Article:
Alzheimer’s Risk
Posted August 16, 2016

A recent study has determined that there is another factor to be aware of when it comes to Alzheimer’s risk. A study by Massachusetts General and Brigham and Women’s Hospital has linked body weight with higher levels of a protein in the brain that is present with Alzheimer’s disease.

Alzheimer’s Risk Factors

  • Genetics – Although you cannot change your genetics, you can gain understanding about increased risk if you know that Alzheimer’s disease has been in your family. Even though it hasn’t been determined how much of an increase risk factor genetics may be, there is a general consensus that when genetic predisposition and at least one other factor are in place there is a higher chance of AD.
  • Age – As you age your risk for getting AD increases. Those aged 85 and over are in a higher risk category; with 18% of those 80-89 and nearly 30% of those 90 and over being diagnosed with Alzheimer’s.
  • Body Weight – A new study presented in the August 3, 2016 Journal of Alzheimer’s Disease, has determined that there is an increased risk of Alzheimer’s associated with being underweight. While more conclusive studies are needed, it seems that those who are underweight show higher amounts of amyloidal deposits on their brain scan MRIs. Amyloid protein deposits are associated with Alzheimer’s disease.
  • Gender – Women are more likely to be diagnosed with AD than men, according to The Alzheimer’s Association.
  • Heart Health – There have been studies that confirm a probable connection between heart health and brain health. Because your brain supplies the brain and body with blood and oxygen, any problem with your heart can likely be associated with brain health; being linked to what is known as vascular dementia.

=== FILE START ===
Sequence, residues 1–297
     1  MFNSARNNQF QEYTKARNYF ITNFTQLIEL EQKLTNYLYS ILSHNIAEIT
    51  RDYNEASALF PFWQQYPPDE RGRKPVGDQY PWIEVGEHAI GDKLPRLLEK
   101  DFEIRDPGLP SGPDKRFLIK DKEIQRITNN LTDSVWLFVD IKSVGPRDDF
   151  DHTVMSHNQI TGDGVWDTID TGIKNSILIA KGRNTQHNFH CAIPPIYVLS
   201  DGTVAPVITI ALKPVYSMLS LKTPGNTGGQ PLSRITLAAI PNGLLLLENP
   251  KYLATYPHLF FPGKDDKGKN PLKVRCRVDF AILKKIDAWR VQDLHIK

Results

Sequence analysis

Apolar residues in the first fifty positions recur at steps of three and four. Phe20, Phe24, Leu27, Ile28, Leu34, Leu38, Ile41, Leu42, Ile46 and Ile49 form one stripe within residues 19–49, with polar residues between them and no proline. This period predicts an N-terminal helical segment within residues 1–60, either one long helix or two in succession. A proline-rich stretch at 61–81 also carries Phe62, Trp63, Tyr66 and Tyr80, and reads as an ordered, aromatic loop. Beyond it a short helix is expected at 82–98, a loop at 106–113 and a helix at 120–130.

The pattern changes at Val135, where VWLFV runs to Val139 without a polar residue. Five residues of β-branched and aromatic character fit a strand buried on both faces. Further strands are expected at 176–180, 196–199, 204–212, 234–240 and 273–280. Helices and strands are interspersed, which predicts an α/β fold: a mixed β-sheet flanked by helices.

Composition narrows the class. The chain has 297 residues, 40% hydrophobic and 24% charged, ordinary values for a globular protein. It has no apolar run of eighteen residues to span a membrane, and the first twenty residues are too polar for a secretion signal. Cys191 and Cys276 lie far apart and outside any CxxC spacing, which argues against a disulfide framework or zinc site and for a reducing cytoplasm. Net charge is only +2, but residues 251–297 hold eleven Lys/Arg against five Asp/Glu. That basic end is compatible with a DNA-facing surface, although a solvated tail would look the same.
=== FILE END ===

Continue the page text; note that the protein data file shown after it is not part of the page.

• Diabetes Ongoing research has determined that there may be a connection between insulin levels, insulin intolerance, and blood sugars and vascular dementia or Alzheimer’s risk. Researchers feel that both diabetes and dementia/Alzheimer’s may feed off of each other; creating multiple symptoms and medical issues associated with both dementia and diabetes.

Alzheimer’s Risk and Prevention

There are no firm prevention methods currently associated with Alzheimer’s disease. However, with continued research and information provided there are many factors that point to positive prevention methods being determined in the near future.

  • The Mediterranean Diet
  • Brain Trauma Prevention
  • Stroke Prevention
  • Diabetes Cures & Prevention
  • Heart Health

All of the above can play an important part in the future of Azheimer’s prevention.
Senior Living Experts helps you find a safe living environment in the Chicago area, if you or someone you love are experiencing signs of dementia or have been diagnosed. While genetic testing is not currently determined to be an effective way of determining Alzheimer’s risk you may want to read more about genetic testing with this PDF article from The Alzheimer’s Association.


Cited Works: The Alzheimer’s Association – Risk Factors
CC0 Image by geralt / Pixabay

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